ATC CEO Summit – Impressions
A couple weeks ago I had the honor of attending the Austin Technology Council (ATC) CEO Summit. This year it was held at Brazos Hall, which is a pretty fantastic two-story venue in the heart of downtown Austin.
Under the leadership of Chair Emeritus Joel Trammel and current ATC President Julie Huls, the CEO Summit has become and annual mainstay and gathering of local leaders – most of whom take out a whole day from running the business to network and meet with other CEOs in the area. It is actually amazing how far ATC has come in its mission to advocate for technology issues in Austin, and for issues that affect technology industries.
So I, like the others, took a day to listen and reflect. There were several fun interactions – catching up with old colleagues from Trilogy (running Vast and Calavista and CapitalFactory, among others), and running into the founder of Das Keyboard (my favorite keyboard at the office), as well as Harsh – one of the founders of MakerSquare. As for formal content, there were lots of good discussions covered in the Austin Business Journal, but a few things stood out to me:
- Tech is responsible for $21B in economic impact
- 1 in 4 jobs in Austin is supported by Tech Sector
- More than half of the ATC companies earn between $5MM and $100MM annually. Which means they’re the growing small and medium businesses that drive job growth in the economy.
- Tech Sector’s role is evolving, given 9000 open jobs to fill, the need to protect Austin’s “secret sauce”, and to balance progress with preservation.
I’ve written before about my belief that Austin has found a unique balance between tech and the arts… and the CEO summit reinforced that Austin’s tech business leaders are still very much concerned with supporting the arts, supporting the culture, and what makes Austin “weird.” Discussions about supporting new segments, music, festivals, infrastructure (translation: transit!) were all on the table.
A highlight of the event was seeing a discussion moderated by Mark McClain (CEO of SailPoint), with Cotter Cuttingham (CEO of RetailMeNot) and Rod Favaron (CEO of Spredfast, previously our CEO at Lombardi Software).
Mark asked some great questions:
What were you thinking when you started this one – build and sell quick, or build a great company?
Cotter’s answer was that they always had a bigger vision – the market size justified it, and just felt like they could take advantage of the opening – which is why they raised so much money and aimed high.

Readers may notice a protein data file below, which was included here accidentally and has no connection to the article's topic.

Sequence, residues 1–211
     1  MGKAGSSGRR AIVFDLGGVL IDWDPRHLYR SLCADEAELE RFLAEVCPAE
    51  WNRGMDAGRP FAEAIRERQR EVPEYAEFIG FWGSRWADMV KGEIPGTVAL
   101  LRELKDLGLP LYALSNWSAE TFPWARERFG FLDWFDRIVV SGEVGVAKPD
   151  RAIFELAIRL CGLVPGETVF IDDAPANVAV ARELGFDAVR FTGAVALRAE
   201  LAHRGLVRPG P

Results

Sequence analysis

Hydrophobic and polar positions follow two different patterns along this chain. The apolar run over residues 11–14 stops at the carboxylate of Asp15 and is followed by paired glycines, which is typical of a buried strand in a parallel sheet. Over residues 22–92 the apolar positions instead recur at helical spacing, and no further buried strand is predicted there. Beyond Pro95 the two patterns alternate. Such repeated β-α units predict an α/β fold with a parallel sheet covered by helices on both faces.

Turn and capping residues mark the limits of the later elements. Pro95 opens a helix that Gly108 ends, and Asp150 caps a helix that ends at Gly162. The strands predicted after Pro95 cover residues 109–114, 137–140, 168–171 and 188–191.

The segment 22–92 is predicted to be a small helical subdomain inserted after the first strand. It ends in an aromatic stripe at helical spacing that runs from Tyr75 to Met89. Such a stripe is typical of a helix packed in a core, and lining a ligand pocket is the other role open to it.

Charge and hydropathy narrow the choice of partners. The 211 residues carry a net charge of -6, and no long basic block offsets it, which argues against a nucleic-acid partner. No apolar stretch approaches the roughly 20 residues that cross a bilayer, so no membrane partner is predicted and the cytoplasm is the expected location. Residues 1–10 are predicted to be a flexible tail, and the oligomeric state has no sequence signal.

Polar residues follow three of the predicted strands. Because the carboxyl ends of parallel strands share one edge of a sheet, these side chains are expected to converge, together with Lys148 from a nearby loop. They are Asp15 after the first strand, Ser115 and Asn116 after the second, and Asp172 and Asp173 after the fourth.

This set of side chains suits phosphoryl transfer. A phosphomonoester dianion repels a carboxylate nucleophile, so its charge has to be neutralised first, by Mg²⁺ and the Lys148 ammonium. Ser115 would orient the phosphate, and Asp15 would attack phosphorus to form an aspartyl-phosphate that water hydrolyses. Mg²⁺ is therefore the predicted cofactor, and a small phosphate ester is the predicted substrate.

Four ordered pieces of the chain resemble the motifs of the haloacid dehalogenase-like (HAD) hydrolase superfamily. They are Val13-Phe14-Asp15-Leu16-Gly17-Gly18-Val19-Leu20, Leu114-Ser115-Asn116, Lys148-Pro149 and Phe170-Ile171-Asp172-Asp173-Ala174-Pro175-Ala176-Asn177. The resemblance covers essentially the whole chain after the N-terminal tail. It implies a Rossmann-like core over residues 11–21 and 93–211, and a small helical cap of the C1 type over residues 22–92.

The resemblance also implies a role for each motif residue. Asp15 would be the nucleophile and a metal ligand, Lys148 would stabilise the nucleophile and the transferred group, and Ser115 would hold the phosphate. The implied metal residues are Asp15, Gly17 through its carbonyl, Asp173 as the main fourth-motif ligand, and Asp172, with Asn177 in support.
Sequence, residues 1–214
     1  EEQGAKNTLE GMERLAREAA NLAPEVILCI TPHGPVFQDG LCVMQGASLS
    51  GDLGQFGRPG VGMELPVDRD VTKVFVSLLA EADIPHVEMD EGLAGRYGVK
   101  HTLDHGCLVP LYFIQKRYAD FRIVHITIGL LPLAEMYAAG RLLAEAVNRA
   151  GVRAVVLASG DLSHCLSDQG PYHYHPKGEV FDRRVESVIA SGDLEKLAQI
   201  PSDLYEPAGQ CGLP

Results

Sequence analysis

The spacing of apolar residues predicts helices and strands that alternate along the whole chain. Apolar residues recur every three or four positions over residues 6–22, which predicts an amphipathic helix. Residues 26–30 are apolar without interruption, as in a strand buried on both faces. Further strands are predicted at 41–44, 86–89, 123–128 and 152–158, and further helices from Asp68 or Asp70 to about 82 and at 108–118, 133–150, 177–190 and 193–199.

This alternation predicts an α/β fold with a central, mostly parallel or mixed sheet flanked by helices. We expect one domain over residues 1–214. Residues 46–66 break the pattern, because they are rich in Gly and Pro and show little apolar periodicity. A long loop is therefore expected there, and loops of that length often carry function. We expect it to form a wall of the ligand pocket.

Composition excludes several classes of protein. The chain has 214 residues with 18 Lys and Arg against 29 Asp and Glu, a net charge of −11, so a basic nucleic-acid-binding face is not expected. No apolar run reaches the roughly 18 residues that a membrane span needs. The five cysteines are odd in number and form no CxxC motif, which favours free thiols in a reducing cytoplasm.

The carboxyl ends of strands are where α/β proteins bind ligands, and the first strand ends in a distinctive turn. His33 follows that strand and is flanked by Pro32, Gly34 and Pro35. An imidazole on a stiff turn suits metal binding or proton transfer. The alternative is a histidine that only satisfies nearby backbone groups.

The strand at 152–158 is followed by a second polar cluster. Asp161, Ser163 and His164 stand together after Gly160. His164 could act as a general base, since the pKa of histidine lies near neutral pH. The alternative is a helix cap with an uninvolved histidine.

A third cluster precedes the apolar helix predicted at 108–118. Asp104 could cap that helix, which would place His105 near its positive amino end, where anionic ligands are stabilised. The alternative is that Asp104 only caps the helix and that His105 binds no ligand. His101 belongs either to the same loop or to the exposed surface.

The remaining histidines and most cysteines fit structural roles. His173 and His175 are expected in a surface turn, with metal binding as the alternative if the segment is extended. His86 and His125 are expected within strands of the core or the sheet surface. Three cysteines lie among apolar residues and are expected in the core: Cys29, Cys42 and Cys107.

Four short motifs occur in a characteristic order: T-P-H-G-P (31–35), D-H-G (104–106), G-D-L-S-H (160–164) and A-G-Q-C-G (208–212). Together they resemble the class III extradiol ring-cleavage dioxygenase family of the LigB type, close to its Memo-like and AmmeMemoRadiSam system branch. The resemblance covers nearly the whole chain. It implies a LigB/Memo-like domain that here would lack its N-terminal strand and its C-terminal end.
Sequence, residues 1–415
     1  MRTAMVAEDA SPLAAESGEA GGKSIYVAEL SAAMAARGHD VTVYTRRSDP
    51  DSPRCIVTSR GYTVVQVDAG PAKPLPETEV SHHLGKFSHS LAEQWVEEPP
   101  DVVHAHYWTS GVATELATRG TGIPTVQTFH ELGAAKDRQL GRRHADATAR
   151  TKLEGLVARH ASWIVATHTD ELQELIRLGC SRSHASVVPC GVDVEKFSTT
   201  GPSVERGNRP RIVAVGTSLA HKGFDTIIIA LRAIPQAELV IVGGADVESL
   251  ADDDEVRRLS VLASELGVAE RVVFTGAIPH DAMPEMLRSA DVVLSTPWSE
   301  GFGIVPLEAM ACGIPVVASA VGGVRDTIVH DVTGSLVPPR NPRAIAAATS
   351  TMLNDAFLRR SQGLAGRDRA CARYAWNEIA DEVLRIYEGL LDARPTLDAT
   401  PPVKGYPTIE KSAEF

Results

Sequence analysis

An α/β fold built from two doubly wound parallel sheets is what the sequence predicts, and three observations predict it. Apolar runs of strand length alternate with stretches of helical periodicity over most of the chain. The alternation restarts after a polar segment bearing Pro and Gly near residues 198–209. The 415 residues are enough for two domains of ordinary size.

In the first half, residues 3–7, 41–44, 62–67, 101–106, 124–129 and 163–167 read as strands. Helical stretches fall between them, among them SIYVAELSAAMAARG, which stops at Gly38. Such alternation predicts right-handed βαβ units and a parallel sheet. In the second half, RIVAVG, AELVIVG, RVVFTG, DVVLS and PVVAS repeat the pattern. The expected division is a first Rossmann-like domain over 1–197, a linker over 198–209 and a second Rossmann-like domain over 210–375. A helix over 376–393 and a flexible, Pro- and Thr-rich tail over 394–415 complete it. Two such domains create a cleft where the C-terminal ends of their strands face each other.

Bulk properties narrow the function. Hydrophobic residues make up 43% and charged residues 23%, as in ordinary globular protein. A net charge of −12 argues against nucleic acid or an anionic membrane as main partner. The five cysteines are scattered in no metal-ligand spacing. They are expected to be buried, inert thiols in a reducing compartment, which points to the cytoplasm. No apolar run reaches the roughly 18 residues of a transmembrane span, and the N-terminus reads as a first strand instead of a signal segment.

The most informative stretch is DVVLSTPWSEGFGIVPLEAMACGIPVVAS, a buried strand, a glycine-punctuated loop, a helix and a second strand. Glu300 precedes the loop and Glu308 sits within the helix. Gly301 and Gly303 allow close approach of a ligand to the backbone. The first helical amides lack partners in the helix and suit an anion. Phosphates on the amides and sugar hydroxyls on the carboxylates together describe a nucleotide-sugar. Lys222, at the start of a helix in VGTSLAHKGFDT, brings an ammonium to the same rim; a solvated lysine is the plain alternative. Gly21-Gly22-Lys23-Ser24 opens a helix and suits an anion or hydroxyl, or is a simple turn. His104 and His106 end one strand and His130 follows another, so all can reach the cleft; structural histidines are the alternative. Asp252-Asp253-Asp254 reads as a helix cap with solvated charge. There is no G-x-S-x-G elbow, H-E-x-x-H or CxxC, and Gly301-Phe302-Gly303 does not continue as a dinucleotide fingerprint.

Rod’s answer was interesting given the context I have from the time frame. First, that Lombardi was in what looked like a piece of middle market (BPM) – that might not have enough airspace to go public. So make the best company you can and when offered the right price, sell. He felt that the sale to IBM worked perfectly for that market and for IBM a great value to build on. Spredfast developed from “I have no idea” to “maybe” to “definitely” over the course of a year or two.
[Side note: I think Lombardi was playing in the “how work gets done” space – more on that below]
Mark McClain chimed in that he always felt Waveset was an acquisition play, and started SailPoint with a similar mindset, only to modify their view as they got deeper into the market, that the opportunity was much bigger than they assumed at first.
There as also a good discussion on recruiting and the Austin Brand. Do IPOs and the landscape change things? Cotter’s take was that it was never bad, but that it has changed pretty dramatically for the better in the five years he’s been in Austin. People don’t worry whether they can find another opportunity in Austin if the current job doesn’t work out.
And there was unanimous agreement that SXSW interactive has had a huge positive effect on Austin’s brand and companies that reside here. Every digital company, CMO, digital “whatever” will come down to Austin for 5 days. 20,000 need a badge and maybe 100,000 show up.
So, the question was posed: is recruiting hard in Austin? I liked Rod’s answer: It’s hard in San Francisco. It’s hard in San Antonio. It’s hard here. It’s hard everywhere and you just deal with it and work hard at it. I thought that was a great and honest answer. Recruiting is never easy.
My best advice – invest in people’s potential, and expand your horizons – there are more people who can help grow your business than you think. Otherwise, why so many successful Austin businesses in one room?
Circling back to the point about Lombardi’s “market”. I think BPM is the “how work gets done” space – which is huge. But, most of the world sees BPM as middleware. While there are challenges for the software companies in this space, the opportunities for adding value to the economy and to customers has never been better for us.